Close reading is different because of its emphasis on self-reliance and its bounded nature. With close reading, students don’t need to have well-developed political or social philosophies (and schools shouldn’t try to impose such views), nor do they need ready access to the scholars’ tools. The student, the book, and the teacher are sufficient. Making kids into self-reliant readers, capable of making sense of what an author has written, is both incredibly freeing, and limiting. It provides the student with obvious power, but it limits them to what they can grasp on their own from the text itself.


I hope all of our students will gain the power inherent in being able to give a text a close read, by the time they leave high school. College is the place to ply the scholars’ trade and to develop a philosophical lens through which to interpret. Being close readers will give them a strong basis on which to gain access to these more sophisticated and expansive tools.

Saturday, September 14, 2013

Staying Warm During Cold Reads


I've heard you speak and think I know your position on Background Knowledge and Common Core "New Yorker" style book introductions. But was wondering if you could dedicate a post about the term "Cold Reads" as referred to in the Common Core and address the arguments made by the teacher author of this article on the topic.     http://www.washingtonpost.com/blogs/answer-sheet/post/teacher-one-maddening-day-working-with-the-common-core/2012/03/15/gIQA8J4WUS_blog.html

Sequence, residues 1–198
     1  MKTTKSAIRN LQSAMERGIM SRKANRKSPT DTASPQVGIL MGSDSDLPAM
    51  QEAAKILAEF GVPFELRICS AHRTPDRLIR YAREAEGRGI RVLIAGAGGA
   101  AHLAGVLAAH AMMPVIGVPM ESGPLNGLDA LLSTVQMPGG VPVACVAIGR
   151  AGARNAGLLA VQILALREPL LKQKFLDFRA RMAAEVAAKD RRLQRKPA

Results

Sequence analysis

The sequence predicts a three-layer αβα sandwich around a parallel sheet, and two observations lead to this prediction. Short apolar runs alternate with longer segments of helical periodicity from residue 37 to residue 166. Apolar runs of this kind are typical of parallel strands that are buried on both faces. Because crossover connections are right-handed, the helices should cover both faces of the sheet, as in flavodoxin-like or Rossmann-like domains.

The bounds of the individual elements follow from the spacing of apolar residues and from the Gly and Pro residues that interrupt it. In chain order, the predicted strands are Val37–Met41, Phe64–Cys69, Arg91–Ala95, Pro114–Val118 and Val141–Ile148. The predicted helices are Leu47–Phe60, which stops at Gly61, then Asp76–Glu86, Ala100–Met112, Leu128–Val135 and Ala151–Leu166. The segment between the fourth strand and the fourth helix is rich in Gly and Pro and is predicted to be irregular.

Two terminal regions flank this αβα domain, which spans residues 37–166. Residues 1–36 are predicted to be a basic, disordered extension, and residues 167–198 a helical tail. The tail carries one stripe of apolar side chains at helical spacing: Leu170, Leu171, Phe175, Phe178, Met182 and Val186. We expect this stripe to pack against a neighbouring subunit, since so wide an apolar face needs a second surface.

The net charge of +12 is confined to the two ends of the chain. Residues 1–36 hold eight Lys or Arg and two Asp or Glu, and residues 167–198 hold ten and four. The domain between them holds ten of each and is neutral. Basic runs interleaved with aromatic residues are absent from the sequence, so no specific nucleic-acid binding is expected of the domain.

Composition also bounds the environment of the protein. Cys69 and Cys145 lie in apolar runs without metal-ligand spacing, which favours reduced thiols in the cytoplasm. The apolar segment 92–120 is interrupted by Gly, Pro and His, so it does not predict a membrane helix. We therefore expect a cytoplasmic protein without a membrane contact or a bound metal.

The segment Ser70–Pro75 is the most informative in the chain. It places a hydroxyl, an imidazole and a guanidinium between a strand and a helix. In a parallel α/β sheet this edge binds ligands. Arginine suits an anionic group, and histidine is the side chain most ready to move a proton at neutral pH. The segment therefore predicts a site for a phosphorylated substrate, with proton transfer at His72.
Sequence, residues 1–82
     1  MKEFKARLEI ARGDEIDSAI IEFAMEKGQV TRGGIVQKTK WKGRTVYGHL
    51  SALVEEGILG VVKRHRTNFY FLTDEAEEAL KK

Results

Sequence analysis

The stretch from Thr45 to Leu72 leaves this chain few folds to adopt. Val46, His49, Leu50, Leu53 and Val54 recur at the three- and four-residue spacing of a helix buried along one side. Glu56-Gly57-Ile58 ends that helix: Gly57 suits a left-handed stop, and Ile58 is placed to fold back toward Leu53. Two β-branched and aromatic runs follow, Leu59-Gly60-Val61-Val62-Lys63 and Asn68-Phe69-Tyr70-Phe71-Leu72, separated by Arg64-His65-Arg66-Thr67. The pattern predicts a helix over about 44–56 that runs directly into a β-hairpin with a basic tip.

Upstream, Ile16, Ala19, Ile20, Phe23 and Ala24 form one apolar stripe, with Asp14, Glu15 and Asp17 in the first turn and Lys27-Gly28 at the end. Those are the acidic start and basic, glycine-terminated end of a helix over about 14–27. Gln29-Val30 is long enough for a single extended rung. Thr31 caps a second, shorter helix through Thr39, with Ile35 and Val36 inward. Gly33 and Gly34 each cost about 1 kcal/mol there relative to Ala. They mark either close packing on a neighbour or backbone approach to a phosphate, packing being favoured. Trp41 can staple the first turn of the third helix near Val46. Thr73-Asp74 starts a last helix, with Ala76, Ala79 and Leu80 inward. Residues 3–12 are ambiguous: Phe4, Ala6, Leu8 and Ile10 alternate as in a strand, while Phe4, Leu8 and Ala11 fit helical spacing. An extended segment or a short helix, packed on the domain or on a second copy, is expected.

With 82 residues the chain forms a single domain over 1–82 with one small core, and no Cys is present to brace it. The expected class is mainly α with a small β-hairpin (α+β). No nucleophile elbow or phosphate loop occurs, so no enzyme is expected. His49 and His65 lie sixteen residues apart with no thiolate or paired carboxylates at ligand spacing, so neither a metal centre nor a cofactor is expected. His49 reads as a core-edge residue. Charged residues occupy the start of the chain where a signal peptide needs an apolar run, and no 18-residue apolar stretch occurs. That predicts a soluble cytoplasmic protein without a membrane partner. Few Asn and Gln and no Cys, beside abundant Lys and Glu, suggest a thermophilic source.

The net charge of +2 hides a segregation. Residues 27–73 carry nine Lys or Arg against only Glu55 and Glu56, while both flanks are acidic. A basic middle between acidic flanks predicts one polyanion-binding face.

Thanks. I hadn’t seen this post by Jeremiah Chaffee, an English teacher. I've only  focused on his “cold reading” remarks.

First, Common Core doesn’t use the term, “cold read.” It appears to be meant as a pejorative for close reading, though it only characterizes one dimension of close reading (the withholding of information from outside the text—while ignoring its emphasis on how texts work and the use of text evidence in interpretation). Close reading sounds warm and cuddly (“let’s get close”); while cold reading is, well, cold.

Mr. Chaffee claims cold reading is inherently boring. I’m sure it can be, but I don’t think it has to. I’ve been working on a study, observing large numbers of reading lessons of the type he champions, but contrary to his claims, many of those lessons seem painfully boring. I, again, don’t think that has to be the case, but there it is. I’ve spent much time in classrooms over 40 years, and I’m not convinced there is any way of reading that is necessarily intellectually stimulating, nor do I think any of these popular reading approaches are consistently stultifying either.